That’s kind of our process for development. So right now, inside of H20, we have random search, and we have stacked ensembles. So, those two things actually work quite well together, and the reason for that is because stacked ensembles, they work well when you have basically models that fail in different ways, or you could say more succinctly, like a diverse set of base models. So the base models are the name for the models that you put inside of the ensemble. And that could be anything like a GBM or Random Forest, a deep neural net, GLM, whatever you want, you can put inside. The reason that stacking and random grids work well together is because when you randomly generate a set of models, they are sort of inherently diverse or they’re sort of different by random chance, so that combination works well together, and we’ve found that to be an effective and scalable and paralyzable way to do this.

Why don’t I just say one more thing about stacking before I move on? I just want to say stacking is an interesting technique, because it actually uses machine learning to figure out how to best combine the base learners. So it’s actually doing machine learning on top of machine learning. Sometimes they call that step metalearning, but it’s a pretty nice thing. There’s different ways you can come up with groups of models and ensemble them together, but this one is purely machine learning driven. You don’t necessarily tell it how to do its job. It just learns from the data how to best combine those models to predict your outcome. That’s why it works well, and that’s why you see stacking winning all the Kaggle competitions essentially.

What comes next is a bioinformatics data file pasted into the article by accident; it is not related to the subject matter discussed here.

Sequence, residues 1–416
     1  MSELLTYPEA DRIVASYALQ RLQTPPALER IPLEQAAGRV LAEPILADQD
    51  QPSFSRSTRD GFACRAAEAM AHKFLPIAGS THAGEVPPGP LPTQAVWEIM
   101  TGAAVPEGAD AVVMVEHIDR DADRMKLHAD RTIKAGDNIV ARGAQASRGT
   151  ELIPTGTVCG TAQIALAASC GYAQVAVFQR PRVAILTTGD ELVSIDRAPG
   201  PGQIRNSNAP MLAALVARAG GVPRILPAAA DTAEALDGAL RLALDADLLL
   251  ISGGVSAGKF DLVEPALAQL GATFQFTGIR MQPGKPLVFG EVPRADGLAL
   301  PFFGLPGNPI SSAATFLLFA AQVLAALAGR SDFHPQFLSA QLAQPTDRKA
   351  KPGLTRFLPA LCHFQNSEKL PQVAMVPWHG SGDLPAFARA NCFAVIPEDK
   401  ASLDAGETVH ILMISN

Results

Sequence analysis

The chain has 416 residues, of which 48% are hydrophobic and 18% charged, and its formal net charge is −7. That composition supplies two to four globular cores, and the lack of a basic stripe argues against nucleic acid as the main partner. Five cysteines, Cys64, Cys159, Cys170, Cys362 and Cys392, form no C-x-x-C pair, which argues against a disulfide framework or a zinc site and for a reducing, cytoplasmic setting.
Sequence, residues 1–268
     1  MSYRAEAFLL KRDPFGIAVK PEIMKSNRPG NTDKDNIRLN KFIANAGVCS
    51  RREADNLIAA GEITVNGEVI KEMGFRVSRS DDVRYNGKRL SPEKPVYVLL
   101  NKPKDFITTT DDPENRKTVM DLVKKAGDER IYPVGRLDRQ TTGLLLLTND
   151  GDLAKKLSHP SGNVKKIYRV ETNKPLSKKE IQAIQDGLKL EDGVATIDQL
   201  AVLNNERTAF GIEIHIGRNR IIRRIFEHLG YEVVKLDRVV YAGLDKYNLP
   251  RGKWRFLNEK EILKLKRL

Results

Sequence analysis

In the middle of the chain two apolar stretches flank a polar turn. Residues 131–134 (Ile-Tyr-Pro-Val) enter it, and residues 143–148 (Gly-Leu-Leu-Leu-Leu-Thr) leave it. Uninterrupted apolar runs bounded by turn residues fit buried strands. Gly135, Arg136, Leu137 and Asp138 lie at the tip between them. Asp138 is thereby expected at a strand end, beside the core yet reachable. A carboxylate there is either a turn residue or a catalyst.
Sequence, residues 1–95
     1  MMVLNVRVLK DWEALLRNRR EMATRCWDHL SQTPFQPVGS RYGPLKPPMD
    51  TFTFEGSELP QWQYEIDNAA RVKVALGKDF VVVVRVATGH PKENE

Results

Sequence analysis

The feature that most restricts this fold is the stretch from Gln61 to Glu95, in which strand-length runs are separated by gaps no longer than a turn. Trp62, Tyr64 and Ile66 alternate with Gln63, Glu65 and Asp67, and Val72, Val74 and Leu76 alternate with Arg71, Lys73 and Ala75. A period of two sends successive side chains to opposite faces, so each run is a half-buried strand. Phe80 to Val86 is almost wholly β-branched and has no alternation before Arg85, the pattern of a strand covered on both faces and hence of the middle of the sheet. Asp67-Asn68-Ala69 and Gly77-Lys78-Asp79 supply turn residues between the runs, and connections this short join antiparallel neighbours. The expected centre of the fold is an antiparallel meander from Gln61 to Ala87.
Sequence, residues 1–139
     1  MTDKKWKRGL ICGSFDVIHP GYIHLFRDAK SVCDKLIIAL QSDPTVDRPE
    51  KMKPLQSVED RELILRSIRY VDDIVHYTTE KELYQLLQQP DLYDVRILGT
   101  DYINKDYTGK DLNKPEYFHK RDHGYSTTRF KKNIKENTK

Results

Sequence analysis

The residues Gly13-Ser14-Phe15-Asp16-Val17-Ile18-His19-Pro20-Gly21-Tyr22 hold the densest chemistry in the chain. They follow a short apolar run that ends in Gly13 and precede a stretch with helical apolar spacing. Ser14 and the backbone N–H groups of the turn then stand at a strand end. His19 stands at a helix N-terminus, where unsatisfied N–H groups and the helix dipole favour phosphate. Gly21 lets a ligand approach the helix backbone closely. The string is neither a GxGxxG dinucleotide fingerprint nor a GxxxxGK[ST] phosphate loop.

All right. So let me just say a little bit more specifically now about what we have in H2O AutoML. I’m doing a little bit of a review here, but essentially we have some pretty basic data preprocessing steps. We’re adding some more advanced stuff and that’s going to be a focus in the future. Just sort of making sure that we’re automating whatever that we have in H2O. Then, once we’ve got the data cleaned up a little bit, then we train random grids of all the different supervised machine learning algorithms that we have in H2O. We have GBMs, we have XGBoost GBMs, which is another basically implementation of GBM, and we have deep neural networks. We have generalized linear models. We have Random Forests, et cetera.

So, part of the contribution, I guess you could say, of H20 AutoML is that we’ve spent a lot of time thinking about how to allocate time between these different algorithms and then what hyperparameters should we tune, and what ranges should we tune over? AutoML is sort of a game of trying to do better than brute force. We could just train every model in existence, and then call that AutoML. That could be an AutoML. It’s just not very efficient. So, it’s sort of a game of how do we take a brute force approach, but do it in a smart way so that we’re not wasting a lot of time in places that are not going to yield good results. That’s kind of what we think is the contribution of H20 AutoML, is choosing all of that.